(AP) - Republican Rep. Paul Broun of Georgia won his seat in Congress campaigning as a strict defender of the Constitution. He carries a copy in his pocket and is particularly fond of invoking the Second Amendment right to bear arms. But it turns out there are parts of the document he doesn't care for - lots of them. He wants to get rid of the language about birthright citizenship, federal income taxes and direct election of senators, among others. He would add plenty of stuff, including explicitly authorizing castration as punishment for child rapists.
This hot-and-cold take on the Constitution is surprisingly common within the GOP, particularly among those like Broun who portray themselves as strict Constitutionalists and who frequently accuse Democrats of twisting the document to serve political aims. Republicans have proposed at least 42 Constitutional amendments in the current Congress.
The Republican proposals … tend to be social and political statements: prohibit government ownership of private companies, bar same-sex marriage, require a two-thirds vote in Congress to raise taxes, and - an old favorite - prohibit desecration of the American flag.
Rep. Pete Hoekstra introduced an amendment that would allow voters to directly repeal laws passed by Congress - a move that would radically alter the Founding Fathers' system of checks and balances.
Rep. Michele Bachmann wants to restrict the president's ability to sign international treaties because she fears the Obama administration might replace the dollar with some sort of global currency.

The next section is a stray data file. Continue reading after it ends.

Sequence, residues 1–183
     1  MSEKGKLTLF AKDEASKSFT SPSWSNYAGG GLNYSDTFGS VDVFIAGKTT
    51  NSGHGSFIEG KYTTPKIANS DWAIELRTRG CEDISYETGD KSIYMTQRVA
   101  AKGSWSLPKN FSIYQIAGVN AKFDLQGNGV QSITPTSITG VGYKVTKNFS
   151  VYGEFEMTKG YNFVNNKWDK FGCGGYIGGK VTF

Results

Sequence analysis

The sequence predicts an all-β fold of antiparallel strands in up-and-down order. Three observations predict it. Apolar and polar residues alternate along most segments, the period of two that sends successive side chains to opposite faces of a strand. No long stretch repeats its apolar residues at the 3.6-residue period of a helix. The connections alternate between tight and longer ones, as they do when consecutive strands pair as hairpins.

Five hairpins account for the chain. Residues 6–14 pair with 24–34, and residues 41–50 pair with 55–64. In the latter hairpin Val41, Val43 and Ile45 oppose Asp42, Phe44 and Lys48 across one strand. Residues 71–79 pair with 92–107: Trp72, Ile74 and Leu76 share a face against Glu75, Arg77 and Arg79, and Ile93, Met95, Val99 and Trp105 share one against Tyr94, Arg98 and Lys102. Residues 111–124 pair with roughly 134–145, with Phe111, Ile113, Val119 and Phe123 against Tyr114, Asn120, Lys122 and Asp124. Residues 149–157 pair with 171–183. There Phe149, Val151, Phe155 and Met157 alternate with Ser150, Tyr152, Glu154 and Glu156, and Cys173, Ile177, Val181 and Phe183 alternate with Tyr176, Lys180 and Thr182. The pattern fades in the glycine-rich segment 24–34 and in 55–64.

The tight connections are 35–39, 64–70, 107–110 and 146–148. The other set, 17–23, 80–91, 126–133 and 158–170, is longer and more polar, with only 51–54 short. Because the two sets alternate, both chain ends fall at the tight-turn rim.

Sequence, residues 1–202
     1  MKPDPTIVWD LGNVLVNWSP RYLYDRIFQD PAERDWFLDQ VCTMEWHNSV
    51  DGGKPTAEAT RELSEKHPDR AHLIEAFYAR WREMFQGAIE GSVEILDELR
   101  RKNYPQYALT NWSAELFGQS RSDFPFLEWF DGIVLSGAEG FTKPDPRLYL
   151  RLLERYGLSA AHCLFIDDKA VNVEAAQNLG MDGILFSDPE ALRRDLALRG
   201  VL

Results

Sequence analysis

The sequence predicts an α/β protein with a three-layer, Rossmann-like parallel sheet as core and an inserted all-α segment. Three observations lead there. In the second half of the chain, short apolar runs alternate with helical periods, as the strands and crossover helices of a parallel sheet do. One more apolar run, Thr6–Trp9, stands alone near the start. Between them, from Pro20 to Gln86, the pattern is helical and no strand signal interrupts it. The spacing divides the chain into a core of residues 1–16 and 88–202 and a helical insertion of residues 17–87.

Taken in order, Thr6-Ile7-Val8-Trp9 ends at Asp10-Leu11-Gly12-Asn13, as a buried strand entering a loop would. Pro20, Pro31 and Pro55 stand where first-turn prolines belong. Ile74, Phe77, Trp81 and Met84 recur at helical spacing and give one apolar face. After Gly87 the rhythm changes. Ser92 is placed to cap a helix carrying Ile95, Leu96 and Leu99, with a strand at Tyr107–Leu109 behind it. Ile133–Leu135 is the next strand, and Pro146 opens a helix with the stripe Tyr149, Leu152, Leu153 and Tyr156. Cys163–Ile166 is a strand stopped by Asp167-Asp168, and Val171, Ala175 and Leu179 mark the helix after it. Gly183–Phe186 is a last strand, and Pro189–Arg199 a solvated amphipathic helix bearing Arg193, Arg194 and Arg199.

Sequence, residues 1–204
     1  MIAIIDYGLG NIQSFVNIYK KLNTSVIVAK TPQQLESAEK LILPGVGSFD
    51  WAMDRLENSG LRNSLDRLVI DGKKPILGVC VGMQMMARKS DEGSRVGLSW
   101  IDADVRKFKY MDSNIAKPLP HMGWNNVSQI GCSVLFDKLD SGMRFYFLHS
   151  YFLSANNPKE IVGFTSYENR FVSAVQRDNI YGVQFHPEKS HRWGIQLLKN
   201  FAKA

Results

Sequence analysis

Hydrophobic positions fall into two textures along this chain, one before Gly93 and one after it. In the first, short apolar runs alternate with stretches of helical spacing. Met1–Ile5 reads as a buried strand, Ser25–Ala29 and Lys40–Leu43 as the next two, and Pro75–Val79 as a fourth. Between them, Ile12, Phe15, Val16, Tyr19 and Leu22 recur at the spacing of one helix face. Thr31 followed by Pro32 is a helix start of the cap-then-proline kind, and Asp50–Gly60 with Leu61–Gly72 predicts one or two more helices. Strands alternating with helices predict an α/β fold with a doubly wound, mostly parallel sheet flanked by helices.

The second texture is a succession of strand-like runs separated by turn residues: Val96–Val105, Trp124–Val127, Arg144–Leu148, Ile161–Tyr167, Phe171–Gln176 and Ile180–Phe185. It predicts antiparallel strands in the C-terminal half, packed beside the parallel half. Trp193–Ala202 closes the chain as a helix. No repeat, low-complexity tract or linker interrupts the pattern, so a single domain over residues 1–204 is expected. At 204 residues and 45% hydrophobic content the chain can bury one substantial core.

Broun said he sees no contradiction in his devotion to the Constitution and his desire to rewrite parts of it. He said the Founding Fathers never imagined the size and scope of today's federal government and that he's simply resurrecting their vision by trying to amend it. "We need to do a lot of tweaking to make the Constitution as it was originally intended, instead of some perverse idea of what the Constitution says and does."
The problem says constitutional law scholar Mark Kende, is that divining what the framers intended involves subjective judgments infused with politics.
Virginia Sloan, an attorney who directs the nonpartisan Constitution Project, agreed. "There are a lot of people who obviously don't like income taxes. That's a political position," she said of criticism of the 16th Amendment, which authorized the modern federal income tax more than a century ago. "But it's in the Constitution ... and I don't think you can go around saying something is unconstitutional just because you don't like it."
Democrats and their crazy idea that the Constitution is an evolving document have proposed 27 amendments … “deal with less ideological issues such as congressional succession in a national disaster or voting rights in U.S. territories.”
Monday, August 23, 2010
Strict Constitutional Constructionist offer 42 Amendments to Change Founding Document.
AP put together a great list of Republican lawmakers who don't seem to like our founding document so much they want to change it, a lot. Compare that to the liberal idea of a "living breathing" constitutional document where change is good.
Posted by John Peterson, Democurmudgeon at 8/23/2010 04:54:00 PM